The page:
patients may tend to get only the negative aspects of psychoeducational information and may have serious cognitive difficulties that may hinder the learning processes needed in psychoeducation. Manic patients can be disruptive and do not absorb the information at all because of their distractibility and other cognitive disturbances. Hence, psychoeducation should be always performed during euthymia: in our study patients were required to have maintained a euthymic state (Young Mania Rating Scale [YMRS] <6, Hamilton Rating Scale for Depression [HAM- D] < 8) for at least 6 months prior to entering the study. The psychoeducational group was composed by from 8 to 12 patients, which met for 20 90-minute sessions under the direction of two trained psychologists with expertise in bipolar disorder. The content, which followed a medical model with a directive style, encouraged participation and focused on the illness rather than on psychodynamic issues. At the end of the 2-year follow-up, the number of hospitalizations per patient was lower for the psychoeducation group, although the number of patients who required hospitalization did not change significantly, which can be interpreted as psychoeducation having a good profile for avoiding the impact of the “revolving door” phenomena in the bipolar population. This study had a reasonably large sample size (N=120) and a random allocation of subjects to either a treatment condition (psychoeducation plus standard pharmacological treatment) or non-intervention (non-structured meetings plus standard pharmacological treatment).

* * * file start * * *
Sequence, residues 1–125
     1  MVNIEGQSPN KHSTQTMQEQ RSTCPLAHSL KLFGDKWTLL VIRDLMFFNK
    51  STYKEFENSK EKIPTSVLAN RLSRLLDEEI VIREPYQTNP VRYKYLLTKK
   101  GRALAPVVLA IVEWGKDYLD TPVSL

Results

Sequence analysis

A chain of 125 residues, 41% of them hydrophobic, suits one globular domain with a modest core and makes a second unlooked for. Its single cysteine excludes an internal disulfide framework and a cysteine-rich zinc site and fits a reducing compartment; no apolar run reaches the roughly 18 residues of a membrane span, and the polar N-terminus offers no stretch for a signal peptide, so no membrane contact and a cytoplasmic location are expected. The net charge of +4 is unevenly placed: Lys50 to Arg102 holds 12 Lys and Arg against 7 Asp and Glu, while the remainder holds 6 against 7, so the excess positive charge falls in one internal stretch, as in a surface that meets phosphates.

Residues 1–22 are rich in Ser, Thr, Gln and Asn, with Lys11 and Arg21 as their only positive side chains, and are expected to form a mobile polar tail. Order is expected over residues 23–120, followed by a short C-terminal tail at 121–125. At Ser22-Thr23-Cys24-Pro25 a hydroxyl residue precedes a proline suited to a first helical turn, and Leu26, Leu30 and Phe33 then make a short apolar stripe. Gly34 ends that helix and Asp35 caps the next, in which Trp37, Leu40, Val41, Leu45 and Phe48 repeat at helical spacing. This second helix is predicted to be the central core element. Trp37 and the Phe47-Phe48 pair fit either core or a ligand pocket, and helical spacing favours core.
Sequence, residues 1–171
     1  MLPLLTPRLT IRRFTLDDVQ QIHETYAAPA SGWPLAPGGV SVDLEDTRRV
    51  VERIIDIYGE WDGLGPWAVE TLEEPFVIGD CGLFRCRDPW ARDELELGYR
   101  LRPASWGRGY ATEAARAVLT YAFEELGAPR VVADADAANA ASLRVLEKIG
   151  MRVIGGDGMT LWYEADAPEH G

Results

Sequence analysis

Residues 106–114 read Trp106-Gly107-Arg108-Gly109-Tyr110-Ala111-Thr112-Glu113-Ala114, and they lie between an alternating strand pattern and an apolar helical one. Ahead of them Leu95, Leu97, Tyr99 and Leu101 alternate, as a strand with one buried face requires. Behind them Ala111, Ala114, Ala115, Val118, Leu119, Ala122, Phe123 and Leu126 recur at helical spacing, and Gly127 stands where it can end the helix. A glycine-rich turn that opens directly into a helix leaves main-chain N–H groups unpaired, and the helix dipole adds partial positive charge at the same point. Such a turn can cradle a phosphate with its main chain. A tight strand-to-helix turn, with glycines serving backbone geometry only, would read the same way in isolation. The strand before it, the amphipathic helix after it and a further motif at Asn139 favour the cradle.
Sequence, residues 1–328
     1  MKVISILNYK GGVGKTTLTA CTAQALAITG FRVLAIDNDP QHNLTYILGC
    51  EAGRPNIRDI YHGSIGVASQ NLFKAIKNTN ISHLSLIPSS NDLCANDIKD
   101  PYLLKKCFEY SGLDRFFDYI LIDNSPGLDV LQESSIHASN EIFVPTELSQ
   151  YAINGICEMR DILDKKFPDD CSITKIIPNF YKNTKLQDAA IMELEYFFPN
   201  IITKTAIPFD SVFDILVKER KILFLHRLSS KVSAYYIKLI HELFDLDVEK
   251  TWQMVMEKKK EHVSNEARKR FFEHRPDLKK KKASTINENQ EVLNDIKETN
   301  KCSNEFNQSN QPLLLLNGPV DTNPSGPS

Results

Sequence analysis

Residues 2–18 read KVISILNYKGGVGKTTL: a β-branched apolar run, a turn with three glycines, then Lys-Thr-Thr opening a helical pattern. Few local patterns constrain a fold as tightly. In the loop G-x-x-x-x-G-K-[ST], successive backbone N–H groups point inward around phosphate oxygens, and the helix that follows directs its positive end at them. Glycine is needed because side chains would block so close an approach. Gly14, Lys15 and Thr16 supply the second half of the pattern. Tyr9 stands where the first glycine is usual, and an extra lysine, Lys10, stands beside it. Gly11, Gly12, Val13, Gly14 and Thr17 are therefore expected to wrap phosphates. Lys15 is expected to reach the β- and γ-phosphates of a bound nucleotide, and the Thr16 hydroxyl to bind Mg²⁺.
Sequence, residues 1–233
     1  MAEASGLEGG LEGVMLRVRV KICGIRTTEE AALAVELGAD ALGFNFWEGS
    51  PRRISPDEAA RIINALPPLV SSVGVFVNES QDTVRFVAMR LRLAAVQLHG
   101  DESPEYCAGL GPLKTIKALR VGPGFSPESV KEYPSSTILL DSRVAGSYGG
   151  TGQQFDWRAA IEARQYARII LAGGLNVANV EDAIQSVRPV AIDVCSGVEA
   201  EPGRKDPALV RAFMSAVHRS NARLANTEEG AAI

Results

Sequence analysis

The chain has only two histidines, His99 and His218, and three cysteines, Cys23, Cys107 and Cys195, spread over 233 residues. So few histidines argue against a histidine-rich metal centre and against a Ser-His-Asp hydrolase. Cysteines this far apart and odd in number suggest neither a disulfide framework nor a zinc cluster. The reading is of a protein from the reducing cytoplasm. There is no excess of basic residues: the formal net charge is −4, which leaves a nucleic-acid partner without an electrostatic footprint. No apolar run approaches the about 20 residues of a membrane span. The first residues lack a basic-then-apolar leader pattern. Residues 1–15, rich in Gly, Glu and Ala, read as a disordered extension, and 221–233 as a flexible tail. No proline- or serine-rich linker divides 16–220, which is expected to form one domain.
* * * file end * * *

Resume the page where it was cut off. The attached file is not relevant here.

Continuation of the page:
However, these studies were designed to evaluate HRQOL, not designed to address the risk of depressivedisorders, which are clinical conditions with depressed mood, experiencing a loss of energy and interest, feelings of guilt, difficulty in concentrating, loss of appetite, and thoughts of death or suicide . Moreover, these studies are based on screening instruments rather than clinical diagnosis by physicians . Therefore, the risk of depressivedisorders fol- lowing HCC remains unknown. In summary, according to the current published cancer- related papers, lots of published papers focused on the cancer-induced fatigue, quality of life or some mental disorders measured by questionnaires, and relatively less studies focused on the physician-confirmed depressivedisordersin HCC patients. This study was aimed to investigate the subsequent risk of depressivedisordersin HCC patients, using the population-based retro- spective cohort derived from the National Health Insurance Research Database (NHIRD) in Taiwan.